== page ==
Payments-related financial crime is increasingly sophisticated, with the emerging payments industry a prime target. A recently published whitepaper highlights an action plan, devised in partnership with Refinitiv, that shows how collaboration and digital identity solutions are crucial to beating the fraudsters.
- A report by the Emerging Payments Association, in conjunction with Refinitiv and Barclays, examines payments-related financial crime and the potential solutions.
- Payments fraud costs the UK an estimated £2.4 billion (US$3.2 billion) a year, with emerging players in the industry seen as targets for criminals.
- The emerging payments industry must use technology collaboratively to #FightFinancialCrime, including through a common digital identity solution.
With fraudsters continuing to evolve their techniques, the emerging payments industry is in urgent need of developing workable solutions — backed by broad-based collaboration — to combat the threat of payments-related financial crime.
Faced with this challenge, Refinitiv and Barclays have supported efforts by the Emerging Payments Association to compile extensive research and analysis, including into the way that payments services are being abused in order to carry out fraud and money laundering.
The resulting white paper — Facing up to Financial Crime — suggests a number of important recommendations, including an action plan to thwart this criminal activity through the development of a common digital identity solution.
Fraud and the payments sector
Our increasingly digital economy is well-supported by the emerging payments sector, which facilitates fast and efficient payment transactions between consumers, businesses and banks.
The industry is populated by established players such as Apple Pay and PayPal, but is also home to a range of emerging players, which are targeted by financial criminals.
In the UK alone, payment-related fraud costs the country’s economy an estimated £2.4 billion (US$3.2 billion) annually. This works out as £45 annually for every adult in the UK, and two percent of the financial services industry’s total revenues.
Methods of payments fraud include push payments by taking control of another person’s account, tricking a genuine payer to send a payment to a fraudster’s account (which could be over £1 billion per annum, allowing for current underreporting).
The payments industry is undergoing a period of significant change, with the advent of the Payment Services Directive 2 (PSD2), open banking initiatives and the EU’s 5th Anti-Money Laundering Directive (5MLD).
As the industry comes to terms with this new landscape, there is a growing chasm between the largest players (mostly retail banks) and smaller emerging players, who are capitalizing on the opportunities created by PSD2 and establishing themselves as Payment Service Providers offering innovative consumer products.
Weaknesses in financial systems
Many of these smaller players, however, are struggling to manage growing risk in a cost-effective and comprehensive way as they face ever-more sophisticated attempts by criminals to exploit any and all weaknesses in financial systems.
According to the report, up to two-thirds of payment fraud involves customer deception, where, for example, consumers may be tricked into disclosing card or security details.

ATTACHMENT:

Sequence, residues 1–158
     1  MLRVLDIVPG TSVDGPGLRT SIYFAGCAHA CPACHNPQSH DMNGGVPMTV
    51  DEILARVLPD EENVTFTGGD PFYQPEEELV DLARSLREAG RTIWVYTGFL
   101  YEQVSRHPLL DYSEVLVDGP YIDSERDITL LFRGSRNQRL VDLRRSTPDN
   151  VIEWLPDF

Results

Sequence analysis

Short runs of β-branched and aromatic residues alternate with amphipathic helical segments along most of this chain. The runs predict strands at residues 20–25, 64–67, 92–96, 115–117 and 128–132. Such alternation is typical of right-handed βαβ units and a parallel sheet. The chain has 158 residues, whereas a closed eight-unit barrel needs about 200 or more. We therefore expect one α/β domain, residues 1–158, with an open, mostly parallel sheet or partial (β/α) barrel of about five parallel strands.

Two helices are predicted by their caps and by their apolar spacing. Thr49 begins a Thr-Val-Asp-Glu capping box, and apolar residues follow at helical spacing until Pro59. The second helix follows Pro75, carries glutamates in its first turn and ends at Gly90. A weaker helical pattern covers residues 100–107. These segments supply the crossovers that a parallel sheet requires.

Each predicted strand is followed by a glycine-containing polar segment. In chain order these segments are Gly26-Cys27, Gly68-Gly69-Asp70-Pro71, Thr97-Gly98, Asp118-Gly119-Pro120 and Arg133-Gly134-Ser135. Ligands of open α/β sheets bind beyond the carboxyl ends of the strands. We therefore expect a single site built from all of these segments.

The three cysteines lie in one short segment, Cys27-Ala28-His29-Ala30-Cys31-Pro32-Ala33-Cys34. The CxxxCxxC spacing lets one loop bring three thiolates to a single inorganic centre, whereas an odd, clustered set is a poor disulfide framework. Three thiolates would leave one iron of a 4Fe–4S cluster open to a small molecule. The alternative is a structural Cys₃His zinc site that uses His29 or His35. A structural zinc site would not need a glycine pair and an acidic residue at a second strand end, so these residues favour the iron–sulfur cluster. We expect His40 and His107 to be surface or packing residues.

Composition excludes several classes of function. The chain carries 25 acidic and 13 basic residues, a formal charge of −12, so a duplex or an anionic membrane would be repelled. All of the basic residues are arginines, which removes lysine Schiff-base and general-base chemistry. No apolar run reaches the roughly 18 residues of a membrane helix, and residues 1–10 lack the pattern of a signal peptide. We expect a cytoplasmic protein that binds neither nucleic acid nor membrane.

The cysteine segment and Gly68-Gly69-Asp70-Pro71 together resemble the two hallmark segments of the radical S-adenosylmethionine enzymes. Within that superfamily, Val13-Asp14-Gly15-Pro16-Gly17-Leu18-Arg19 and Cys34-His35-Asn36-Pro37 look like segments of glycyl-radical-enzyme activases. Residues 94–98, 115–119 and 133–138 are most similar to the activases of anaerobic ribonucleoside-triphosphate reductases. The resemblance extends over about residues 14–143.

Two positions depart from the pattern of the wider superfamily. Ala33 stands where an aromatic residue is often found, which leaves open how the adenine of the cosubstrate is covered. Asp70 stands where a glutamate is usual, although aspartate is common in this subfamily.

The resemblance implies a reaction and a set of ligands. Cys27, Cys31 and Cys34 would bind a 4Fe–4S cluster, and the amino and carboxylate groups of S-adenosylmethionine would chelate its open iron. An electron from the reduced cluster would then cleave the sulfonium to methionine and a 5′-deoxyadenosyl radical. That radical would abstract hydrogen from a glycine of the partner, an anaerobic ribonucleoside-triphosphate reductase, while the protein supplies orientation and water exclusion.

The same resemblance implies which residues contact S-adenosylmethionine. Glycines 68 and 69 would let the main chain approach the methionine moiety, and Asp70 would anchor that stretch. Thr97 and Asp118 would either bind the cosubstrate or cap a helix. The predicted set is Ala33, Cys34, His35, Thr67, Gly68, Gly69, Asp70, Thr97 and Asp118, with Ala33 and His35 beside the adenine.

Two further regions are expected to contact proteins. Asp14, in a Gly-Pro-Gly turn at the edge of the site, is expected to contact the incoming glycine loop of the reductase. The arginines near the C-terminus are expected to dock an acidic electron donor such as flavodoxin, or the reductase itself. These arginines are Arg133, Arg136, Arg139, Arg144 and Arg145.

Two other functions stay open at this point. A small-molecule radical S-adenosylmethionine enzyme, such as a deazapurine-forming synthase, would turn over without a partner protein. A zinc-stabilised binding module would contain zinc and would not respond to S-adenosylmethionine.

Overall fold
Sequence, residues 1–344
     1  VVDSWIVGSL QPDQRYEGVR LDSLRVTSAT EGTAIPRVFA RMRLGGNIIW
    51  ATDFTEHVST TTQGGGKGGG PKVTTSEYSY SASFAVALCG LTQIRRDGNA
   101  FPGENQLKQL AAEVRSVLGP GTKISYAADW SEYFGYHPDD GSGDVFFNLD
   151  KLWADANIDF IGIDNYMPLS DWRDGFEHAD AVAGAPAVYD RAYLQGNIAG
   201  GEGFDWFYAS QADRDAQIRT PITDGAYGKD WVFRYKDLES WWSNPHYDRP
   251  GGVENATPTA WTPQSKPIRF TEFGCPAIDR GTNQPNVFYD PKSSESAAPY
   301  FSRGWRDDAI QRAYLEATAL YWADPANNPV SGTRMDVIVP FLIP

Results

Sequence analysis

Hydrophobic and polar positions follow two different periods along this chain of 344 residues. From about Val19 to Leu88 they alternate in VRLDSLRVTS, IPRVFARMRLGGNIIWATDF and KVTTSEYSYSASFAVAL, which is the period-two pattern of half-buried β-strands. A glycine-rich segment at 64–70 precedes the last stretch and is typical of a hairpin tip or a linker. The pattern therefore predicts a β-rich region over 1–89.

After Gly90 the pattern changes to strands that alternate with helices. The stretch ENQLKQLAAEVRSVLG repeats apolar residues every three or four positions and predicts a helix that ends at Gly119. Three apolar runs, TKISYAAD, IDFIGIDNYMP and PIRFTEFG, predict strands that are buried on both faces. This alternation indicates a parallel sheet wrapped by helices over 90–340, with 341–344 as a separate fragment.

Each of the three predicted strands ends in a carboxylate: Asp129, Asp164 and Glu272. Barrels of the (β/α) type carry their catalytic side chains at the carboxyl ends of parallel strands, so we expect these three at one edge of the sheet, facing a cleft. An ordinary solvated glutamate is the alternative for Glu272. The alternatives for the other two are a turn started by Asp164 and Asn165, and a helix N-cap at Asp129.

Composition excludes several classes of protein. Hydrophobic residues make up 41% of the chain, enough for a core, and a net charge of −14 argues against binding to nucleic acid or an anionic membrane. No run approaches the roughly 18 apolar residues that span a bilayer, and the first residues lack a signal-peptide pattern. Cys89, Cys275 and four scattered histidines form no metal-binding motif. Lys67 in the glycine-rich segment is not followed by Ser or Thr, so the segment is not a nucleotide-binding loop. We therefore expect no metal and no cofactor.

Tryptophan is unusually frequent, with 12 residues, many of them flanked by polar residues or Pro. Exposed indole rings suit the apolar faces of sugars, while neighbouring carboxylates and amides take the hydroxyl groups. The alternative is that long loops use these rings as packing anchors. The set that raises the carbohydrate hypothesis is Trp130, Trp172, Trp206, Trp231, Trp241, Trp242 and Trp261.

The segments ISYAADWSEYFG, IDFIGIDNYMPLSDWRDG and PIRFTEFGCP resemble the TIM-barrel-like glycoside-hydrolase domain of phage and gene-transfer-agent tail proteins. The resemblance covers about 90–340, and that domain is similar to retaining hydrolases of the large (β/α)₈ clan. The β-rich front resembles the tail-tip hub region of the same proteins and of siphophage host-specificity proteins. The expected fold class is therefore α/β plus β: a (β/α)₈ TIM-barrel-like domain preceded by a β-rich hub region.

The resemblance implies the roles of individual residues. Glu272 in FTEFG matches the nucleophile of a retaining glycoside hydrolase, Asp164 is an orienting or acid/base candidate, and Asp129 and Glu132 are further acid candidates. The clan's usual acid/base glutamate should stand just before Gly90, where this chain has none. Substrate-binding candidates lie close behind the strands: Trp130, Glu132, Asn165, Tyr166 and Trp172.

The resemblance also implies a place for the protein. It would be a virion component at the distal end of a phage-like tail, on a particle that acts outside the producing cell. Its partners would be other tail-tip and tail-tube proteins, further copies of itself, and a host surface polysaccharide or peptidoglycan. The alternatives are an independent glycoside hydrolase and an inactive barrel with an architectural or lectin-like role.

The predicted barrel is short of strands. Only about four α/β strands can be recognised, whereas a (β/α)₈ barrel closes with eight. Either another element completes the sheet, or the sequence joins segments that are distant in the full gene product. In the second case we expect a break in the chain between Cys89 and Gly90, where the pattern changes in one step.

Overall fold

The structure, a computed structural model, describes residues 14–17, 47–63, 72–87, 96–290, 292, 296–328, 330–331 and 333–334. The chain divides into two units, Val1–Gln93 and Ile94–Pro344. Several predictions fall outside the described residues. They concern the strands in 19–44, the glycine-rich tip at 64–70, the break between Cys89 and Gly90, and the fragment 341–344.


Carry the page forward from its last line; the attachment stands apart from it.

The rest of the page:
The proceeds of this illicit activity are then laundered using multiple instruments for concealment including by mobile app, card and alternative payments.
To further hide transactions, increasingly complicated company structures are set up.
Protecting your organization
The report further outlines some best practice solutions to stop financial criminals from exploiting the payments sector.
The importance of Know Your Customer (KYC) procedures has never been more important, with rigorous screening and ongoing monitoring of all third parties the best defense against financial crime.
In order to screen effectively, the first requirement is for organizations to secure access to credible, reputable data, structured in such a way that it can be seamlessly incorporated into in-house due diligence and screening procedures.
For added security, leading edge-technology is already developing new key tools to help organizations keep a step ahead of financial criminals, for example by deploying machine learning and behavioral analytics.
This powerful combination can help organizations create a benchmark of expected patterns of legitimate payment behavior, which can then be used to help spot unusual or potentially suspicious anomalies.
The paper also discusses developments in the digital identity arena, outlining that a common digital identity solution is the next step in keeping digital transactions secure and safe from would-be criminals.
According to the report, a digital identity is a core enabler for ongoing take-up of digital services, facilitating both convenience and security for users.
Watch: The Global Coalition to Fight Financial Crime – working towards establishing a global AML standard
Collaboration is key
As a macro initiative, collaboration — between industry players, governments and regulators, law enforcement, and solution providers — is widely regarded as a key tool in the ongoing fight against financial crime, a view that is overwhelmingly supported by the findings of Refinitiv’s 2018 global survey and report, the True Cost of Financial Crime.
The age of digitalization has spawned a battleground where financial criminals and industry players are continually striving to outwit one another.
Only through the right combination of leading-edge technology, invaluable human expertise, and broad-based collaboration can we hope to win the war on financial crime and create a fairer society for all.